A Look at Thailand’s Golf Tourism

Thai-American Business (T-AB) Magazine - - Front Page - Writ­ten by: Mark Siegel

Thailand’s tourism cre­den­tials are im­pec­ca­ble. It has a world­wide rep­u­ta­tion for gor­geous beaches, a pre­dictable and con­sis­tent cli­mate, great cui­sine, in­ter­est­ing cul­ture, plus of course the warm, friendly and wel­com­ing peo­ple; it is, af­ter all, known as the Land of Smiles. Ad­di­tion­ally, it has modern in­fra­struc­ture, trans­port links and ameni­ties un­like some coun­tries in the re­gion, but just enough of a view of an­cient times to keep Thailand feel­ing gen­uine and ex­otic. Va­ca­tion op­tions range from back­pack­ing on a shoestring to five star lux­u­ries and ev­ery­thing in be­tween. This has re­sulted in tourism’s crit­i­cal con­tri­bu­tion to the Thai econ­omy, with over 29.88 mil­lion vis­i­tors in 2015 con­tribut­ing Baht 2.21 tril­lion. Tourism ac­counts for about 10 per­cent of Thailand’s GDP and is one of the few bright spots for an econ­omy that un­der­per­formed peers in South­east Asia. But what part does golf play in this piece? More than you may think.

While 2015 saw some 800,000 golf trav­el­ers visit Thailand, a mere 2.6% of the over­all vis­i­tors, the spend­ing of this tourism mar­ket seg­ment is over 3 times that of the gen­eral tourism. More­over, as the coun­tries re­sources are fi­nite and the growth in tourist ar­rivals can­not be sus­tained, the Tourism Author­ity of Thailand has re­cently stated that their fo­cus is no longer on num­ber of tourists, but qual­ity. Niche mar­kets, such as golf tourism, are now the key fo­cus ar­eas for the gov­ern­ment body.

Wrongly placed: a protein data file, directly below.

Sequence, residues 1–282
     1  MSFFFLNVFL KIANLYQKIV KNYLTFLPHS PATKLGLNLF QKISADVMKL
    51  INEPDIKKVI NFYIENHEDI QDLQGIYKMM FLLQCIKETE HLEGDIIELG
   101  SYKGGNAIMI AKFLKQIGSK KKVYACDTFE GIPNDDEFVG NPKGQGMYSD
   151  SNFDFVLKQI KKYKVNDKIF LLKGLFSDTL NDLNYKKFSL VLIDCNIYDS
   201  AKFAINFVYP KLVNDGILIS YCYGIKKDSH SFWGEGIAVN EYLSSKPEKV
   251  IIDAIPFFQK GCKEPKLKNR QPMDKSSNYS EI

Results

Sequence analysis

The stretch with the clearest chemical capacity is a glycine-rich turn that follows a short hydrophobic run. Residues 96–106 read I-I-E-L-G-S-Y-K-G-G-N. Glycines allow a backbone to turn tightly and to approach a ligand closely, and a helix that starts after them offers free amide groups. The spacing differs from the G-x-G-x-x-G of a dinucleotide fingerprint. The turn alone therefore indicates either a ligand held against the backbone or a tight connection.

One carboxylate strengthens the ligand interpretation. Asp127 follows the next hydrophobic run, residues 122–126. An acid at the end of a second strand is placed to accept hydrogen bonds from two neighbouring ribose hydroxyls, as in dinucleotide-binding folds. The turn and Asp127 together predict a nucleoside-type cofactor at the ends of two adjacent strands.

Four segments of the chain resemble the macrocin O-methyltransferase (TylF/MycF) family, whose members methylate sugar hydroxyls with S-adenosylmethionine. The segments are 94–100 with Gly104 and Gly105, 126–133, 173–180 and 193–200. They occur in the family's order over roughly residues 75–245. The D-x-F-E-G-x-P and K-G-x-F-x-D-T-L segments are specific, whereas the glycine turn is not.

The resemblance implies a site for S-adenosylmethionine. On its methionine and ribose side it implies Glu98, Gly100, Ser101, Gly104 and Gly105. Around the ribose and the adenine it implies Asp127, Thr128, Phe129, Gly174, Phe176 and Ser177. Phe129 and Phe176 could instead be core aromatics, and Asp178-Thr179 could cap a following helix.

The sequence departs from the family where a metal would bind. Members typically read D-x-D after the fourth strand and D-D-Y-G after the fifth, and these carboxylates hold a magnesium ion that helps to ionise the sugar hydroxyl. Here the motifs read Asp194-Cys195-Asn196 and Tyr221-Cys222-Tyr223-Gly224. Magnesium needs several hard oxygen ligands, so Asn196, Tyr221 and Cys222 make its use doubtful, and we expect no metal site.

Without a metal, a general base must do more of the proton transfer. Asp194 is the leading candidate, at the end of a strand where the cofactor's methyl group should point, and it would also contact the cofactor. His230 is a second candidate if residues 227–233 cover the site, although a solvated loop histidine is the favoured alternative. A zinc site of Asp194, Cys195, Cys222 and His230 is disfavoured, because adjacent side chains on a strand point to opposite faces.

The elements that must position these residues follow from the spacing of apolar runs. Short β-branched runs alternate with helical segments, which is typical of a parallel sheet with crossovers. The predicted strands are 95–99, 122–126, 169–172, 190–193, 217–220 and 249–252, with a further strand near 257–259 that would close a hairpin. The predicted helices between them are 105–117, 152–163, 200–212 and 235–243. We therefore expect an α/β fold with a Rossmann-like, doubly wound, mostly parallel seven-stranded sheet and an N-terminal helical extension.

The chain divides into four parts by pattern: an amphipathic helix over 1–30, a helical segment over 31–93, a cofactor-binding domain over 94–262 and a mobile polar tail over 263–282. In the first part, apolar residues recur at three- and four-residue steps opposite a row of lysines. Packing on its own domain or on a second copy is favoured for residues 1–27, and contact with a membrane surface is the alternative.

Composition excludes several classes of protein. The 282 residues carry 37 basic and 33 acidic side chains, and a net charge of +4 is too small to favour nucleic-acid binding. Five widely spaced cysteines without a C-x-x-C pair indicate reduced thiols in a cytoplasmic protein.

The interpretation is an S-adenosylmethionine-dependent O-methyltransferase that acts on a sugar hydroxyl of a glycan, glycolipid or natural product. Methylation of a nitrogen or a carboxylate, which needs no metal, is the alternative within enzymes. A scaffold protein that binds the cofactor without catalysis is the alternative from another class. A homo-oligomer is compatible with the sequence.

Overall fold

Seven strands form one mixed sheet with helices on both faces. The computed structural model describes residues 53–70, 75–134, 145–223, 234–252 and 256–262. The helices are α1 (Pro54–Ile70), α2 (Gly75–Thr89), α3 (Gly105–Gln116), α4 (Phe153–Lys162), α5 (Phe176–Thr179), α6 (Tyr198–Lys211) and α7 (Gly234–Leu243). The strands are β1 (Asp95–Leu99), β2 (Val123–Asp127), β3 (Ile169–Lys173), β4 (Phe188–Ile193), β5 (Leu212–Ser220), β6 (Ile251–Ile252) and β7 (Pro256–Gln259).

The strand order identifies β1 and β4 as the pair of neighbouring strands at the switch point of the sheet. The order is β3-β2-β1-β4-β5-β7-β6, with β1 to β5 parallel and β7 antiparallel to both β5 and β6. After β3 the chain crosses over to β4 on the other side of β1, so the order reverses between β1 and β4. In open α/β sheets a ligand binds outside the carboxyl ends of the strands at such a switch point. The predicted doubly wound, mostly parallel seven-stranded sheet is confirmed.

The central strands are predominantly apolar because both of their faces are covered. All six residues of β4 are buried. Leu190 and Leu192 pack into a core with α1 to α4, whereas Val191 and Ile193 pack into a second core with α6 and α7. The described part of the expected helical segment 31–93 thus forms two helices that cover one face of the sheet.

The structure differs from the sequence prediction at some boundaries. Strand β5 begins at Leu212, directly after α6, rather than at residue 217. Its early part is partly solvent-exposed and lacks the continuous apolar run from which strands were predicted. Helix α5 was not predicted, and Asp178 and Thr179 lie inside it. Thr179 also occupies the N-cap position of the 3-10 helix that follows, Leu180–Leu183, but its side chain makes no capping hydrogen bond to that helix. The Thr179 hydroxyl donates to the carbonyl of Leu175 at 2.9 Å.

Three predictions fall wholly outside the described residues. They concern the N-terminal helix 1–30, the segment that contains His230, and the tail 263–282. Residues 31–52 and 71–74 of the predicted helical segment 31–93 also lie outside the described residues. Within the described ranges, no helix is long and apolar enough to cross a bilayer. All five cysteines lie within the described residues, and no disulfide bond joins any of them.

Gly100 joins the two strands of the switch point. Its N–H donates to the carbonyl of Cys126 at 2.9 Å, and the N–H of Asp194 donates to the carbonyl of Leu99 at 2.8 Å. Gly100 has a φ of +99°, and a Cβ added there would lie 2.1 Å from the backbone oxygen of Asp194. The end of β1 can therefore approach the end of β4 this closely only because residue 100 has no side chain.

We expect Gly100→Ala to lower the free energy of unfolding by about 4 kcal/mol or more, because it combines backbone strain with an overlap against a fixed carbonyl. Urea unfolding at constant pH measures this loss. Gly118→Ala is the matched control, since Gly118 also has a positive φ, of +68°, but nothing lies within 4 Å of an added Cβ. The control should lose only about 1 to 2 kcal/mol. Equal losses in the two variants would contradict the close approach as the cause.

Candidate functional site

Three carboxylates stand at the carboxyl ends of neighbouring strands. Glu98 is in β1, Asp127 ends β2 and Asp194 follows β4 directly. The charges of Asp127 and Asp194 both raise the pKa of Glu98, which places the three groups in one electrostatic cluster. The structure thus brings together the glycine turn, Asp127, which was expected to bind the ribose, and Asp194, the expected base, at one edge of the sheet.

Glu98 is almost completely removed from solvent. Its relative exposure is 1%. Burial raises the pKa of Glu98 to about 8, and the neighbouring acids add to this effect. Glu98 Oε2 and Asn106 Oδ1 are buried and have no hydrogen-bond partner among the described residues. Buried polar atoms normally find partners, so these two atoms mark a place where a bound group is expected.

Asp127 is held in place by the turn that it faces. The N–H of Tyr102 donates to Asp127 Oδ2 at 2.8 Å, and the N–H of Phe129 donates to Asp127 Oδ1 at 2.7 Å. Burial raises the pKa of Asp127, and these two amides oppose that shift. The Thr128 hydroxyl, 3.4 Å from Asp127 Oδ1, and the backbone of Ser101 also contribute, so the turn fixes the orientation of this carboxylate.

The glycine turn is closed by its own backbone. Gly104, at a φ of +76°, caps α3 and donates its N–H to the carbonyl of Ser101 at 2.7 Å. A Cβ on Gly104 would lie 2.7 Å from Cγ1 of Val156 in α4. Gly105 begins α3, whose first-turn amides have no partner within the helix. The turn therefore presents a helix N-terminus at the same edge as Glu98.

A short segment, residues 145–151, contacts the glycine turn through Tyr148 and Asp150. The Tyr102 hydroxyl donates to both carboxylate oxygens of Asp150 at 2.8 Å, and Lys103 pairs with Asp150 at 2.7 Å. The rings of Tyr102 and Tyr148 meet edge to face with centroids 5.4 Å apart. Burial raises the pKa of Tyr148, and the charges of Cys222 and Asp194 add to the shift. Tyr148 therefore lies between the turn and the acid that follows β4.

One of the key fac­tors that at­tract the large num­bers of vis­i­tors com­ing to play golf in Thailand is the vast choice of golf cour­ses lo­cated through­out the coun­try. From the beach re­sorts in the south, to the more moun­tain­ous sur­round­ings in the north, or the busier cities of Bangkok and Pat­taya, there are golf cour­ses suit­able for ev­ery­one. All are very ac­ces­si­ble, and trans­fers be­tween lo­ca­tions can eas­ily be done in a day, pro­vid­ing tourists with huge choice for plan­ning a golf hol­i­day. With modern fa­cil­i­ties, in­ter­na­tion­ally de­signed golf cour­ses, and an ex­cel­lent in­fra­struc­ture, the avail­abil­ity of golf has de­vel­oped sig­nif­i­cantly in Thailand. This has led by the In­ter­na­tional Golf Travel Agents As­so­ci­a­tion award­ing Thailand with the best golf des­ti­na­tion in Asia- Pa­cific 3 times ( Thailand in 2010, Pat­taya in 2012, and Hua Hin in 2015).